Letter | Published:

Attentional resolution and the locus of visual awareness

Nature volume 383, pages 334337 (26 September 1996) | Download Citation

Subjects

Abstract

VISUAL spatial resolution is limited by factors ranging from optics to neuronal filters in the visual cortex1,2, but it is not known to what extent it is also limited by the resolving power of attention. To investigate this, we studied adaptation to lines of specific orientation, a process that occurs in primary visual cortex3. When a single grating is presented in the periphery of the visual field, human observers are aware of its orientation, but when it is flanked by other similar gratings ('crowding'), its orientation becomes impossible to discern4,5. Nevertheless, we show that orientation-specific adaptation is not affected by crowding, implying that spatial resolution is limited by an attentional filter acting beyond the primary visual cortex. Consistent with this, we find that attentional resolution is greater in the lower than in the upper visual field, whereas there is no correspond-ing asymmetry in the primary visual cortex. We suggest that the attentional filter acts in one or more higher visual cortical areas to restrict the availability of visual information to conscious awareness6.

Access optionsAccess options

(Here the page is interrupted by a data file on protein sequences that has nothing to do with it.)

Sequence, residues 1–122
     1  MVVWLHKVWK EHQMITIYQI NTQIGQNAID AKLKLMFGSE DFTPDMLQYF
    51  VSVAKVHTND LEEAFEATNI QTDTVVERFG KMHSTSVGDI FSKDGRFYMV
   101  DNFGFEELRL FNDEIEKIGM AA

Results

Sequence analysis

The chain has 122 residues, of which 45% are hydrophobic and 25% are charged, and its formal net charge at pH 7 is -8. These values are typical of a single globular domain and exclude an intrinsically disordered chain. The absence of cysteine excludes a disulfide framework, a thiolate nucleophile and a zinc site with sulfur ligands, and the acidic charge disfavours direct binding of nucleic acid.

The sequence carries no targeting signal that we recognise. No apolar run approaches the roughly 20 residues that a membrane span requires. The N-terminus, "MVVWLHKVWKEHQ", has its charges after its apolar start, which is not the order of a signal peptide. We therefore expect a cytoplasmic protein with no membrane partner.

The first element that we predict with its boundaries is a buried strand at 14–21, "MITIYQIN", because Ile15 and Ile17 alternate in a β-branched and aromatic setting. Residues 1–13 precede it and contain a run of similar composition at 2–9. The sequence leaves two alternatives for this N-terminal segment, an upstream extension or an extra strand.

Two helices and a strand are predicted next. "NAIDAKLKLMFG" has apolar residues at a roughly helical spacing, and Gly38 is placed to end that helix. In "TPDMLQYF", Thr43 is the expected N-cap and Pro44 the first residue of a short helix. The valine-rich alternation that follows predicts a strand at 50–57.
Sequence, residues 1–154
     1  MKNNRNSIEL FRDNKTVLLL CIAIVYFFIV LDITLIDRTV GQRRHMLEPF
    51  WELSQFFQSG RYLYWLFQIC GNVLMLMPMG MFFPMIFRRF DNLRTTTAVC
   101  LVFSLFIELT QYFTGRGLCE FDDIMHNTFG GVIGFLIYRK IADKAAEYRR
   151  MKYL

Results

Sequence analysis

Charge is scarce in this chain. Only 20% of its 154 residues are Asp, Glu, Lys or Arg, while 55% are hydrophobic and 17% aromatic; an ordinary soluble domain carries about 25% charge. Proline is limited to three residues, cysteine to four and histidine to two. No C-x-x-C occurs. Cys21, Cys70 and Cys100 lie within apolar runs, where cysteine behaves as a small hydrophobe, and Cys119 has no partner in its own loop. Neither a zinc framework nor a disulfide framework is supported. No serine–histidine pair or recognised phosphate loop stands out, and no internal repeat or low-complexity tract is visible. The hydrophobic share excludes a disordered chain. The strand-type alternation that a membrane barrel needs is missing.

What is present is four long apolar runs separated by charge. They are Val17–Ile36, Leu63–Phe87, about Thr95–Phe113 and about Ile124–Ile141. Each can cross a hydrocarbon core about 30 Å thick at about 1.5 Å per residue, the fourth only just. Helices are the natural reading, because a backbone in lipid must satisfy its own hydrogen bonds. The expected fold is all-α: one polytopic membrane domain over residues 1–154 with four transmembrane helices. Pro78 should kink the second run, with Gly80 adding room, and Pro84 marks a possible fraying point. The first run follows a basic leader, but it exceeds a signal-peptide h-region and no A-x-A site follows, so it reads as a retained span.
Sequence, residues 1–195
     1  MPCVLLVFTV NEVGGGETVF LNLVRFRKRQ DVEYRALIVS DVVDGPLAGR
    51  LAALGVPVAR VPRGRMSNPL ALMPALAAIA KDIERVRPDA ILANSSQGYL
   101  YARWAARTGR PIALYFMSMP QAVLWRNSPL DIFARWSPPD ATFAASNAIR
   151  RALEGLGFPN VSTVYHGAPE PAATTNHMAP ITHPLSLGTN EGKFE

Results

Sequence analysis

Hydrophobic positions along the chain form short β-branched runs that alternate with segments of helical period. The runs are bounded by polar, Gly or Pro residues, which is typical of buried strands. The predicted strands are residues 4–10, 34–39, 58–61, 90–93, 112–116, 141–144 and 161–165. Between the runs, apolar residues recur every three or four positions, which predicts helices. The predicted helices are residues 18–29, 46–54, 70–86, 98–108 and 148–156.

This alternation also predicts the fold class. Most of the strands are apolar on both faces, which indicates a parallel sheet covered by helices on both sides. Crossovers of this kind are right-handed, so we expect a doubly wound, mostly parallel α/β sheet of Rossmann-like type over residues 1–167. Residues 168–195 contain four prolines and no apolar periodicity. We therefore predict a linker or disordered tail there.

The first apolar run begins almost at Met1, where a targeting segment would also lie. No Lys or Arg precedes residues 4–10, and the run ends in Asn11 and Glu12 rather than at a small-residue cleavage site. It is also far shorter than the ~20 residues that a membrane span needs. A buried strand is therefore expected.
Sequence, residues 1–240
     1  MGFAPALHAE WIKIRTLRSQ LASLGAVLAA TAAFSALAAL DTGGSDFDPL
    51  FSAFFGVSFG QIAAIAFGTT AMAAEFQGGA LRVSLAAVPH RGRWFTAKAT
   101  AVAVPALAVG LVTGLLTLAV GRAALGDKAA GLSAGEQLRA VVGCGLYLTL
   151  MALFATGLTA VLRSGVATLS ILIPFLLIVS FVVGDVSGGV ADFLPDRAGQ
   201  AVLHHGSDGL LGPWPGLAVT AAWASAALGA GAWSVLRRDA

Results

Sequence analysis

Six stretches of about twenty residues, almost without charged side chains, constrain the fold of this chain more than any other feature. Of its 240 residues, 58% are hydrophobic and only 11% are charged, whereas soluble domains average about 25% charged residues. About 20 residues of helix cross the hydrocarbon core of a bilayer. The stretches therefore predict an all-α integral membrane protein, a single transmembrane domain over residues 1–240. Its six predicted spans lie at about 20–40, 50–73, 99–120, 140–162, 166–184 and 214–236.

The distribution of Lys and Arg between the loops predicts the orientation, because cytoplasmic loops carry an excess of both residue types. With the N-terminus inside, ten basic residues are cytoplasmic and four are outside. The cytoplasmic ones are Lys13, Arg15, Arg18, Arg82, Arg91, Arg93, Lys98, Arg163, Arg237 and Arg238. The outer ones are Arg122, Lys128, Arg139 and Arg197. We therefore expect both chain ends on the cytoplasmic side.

Rent or Buy article

Get time limited or full article access on ReadCube.

from$8.99

All prices are NET prices.

References

  1. 1.

    & J. Physiol. 186, 558–578 (1966).

  2. 2.

    , & Invest. Ophthalmol. Vis. Sci. Suppl. 36, 2010 (1995).

  3. 3.

    & J. Physiol. 203, 237–260 (1969).

  4. 4.

    Nature 226, 177–178 (1970).

  5. 5.

    & Vision Res. 32, 1349–1357 (1992).

  6. 6.

    & Nature 375, 121–123 (1995).

  7. 7.

    & Bull. Psychonom. Soc. 21, 459–461 (1983).

  8. 8.

    & Nature 377, 336–338 (1995).

  9. 9.

    Psychol. Res. 45, 147–156 (1983).

  10. 10.

    & Archives Ophthalmol. 109, 816–824 (1991).

  11. 11.

    et al. Science 268, 889–893 (1995).

  12. 12.

    et al. Proc. Natl Acad. Sci. USA 93, 2382–2386 (1988).

  13. 13.

    Q. J. Exp. Psychol. Human Exp Psychol. 40, 201–237 (1988).

  14. 14.

    & Spatial Vis. 3, 179–197 (1988).

  15. 15.

    , & Invest. Ophthalmol. Vis. Sci. Suppl. 32, 1040 (1991).

  16. 16.

    & Psychol. Res. 48, 201–209 (1986).

  17. 17.

    & Percept. Psychophys. 12, 97–99 (1972).

  18. 18.

    Behav. Brain Sci. 13, 519–575 (1990).

  19. 19.

    Bull. Psychonom. Soc. 31, 275–278 (1993).

  20. 20.

    , & Science 271, 651–653 (1996).

  21. 21.

    & in Neurophysiological and Neuropsychological Aspects of Spatial Neglect (ed. Jeannerod, M.) 203–213 (Elsevier, Amsterdam, 1987).

  22. 22.

    Neuropsychol. Rehab. 4, 183–187 (1994).

  23. 23.

    & Annu. Rev. Neurosci. 10, 363–401 (1987).

Download references

Author information

Affiliations

  1. Department of Psychology, Harvard University, Cambridge, Massachusetts 02138, USA

    • Sheng He
    • , Patrick Cavanagh
    •  & James Intriligator

Authors

  1. Search for Sheng He in:

  2. Search for Patrick Cavanagh in:

  3. Search for James Intriligator in:

About this article

Publication history

Received

Accepted

Published

DOI

https://doi.org/10.1038/383334a0

Further reading

Comments

By submitting a comment you agree to abide by our Terms and Community Guidelines. If you find something abusive or that does not comply with our terms or guidelines please flag it as inappropriate.